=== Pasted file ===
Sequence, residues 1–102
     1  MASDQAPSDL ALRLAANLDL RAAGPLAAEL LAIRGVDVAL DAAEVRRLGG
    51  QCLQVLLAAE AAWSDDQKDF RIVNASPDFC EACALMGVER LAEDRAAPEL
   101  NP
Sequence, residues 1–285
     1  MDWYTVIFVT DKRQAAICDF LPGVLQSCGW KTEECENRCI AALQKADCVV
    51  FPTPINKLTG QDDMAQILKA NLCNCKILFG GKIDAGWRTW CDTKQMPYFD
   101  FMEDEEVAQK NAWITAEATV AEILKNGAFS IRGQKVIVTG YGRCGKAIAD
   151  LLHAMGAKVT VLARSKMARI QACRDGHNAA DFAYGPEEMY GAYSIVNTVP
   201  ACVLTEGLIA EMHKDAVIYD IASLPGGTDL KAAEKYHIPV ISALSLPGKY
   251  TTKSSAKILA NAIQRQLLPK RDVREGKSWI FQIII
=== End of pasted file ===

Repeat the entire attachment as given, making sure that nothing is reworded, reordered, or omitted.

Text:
Sequence, residues 1–102
     1  MASDQAPSDL ALRLAANLDL RAAGPLAAEL LAIRGVDVAL DAAEVRRLGG
    51  QCLQVLLAAE AAWSDDQKDF RIVNASPDFC EACALMGVER LAEDRAAPEL
   101  NP
Sequence, residues 1–285
     1  MDWYTVIFVT DKRQAAICDF LPGVLQSCGW KTEECENRCI AALQKADCVV
    51  FPTPINKLTG QDDMAQILKA NLCNCKILFG GKIDAGWRTW CDTKQMPYFD
   101  FMEDEEVAQK NAWITAEATV AEILKNGAFS IRGQKVIVTG YGRCGKAIAD
   151  LLHAMGAKVT VLARSKMARI QACRDGHNAA DFAYGPEEMY GAYSIVNTVP
   201  ACVLTEGLIA EMHKDAVIYD IASLPGGTDL KAAEKYHIPV ISALSLPGKY
   251  TTKSSAKILA NAIQRQLLPK RDVREGKSWI FQIII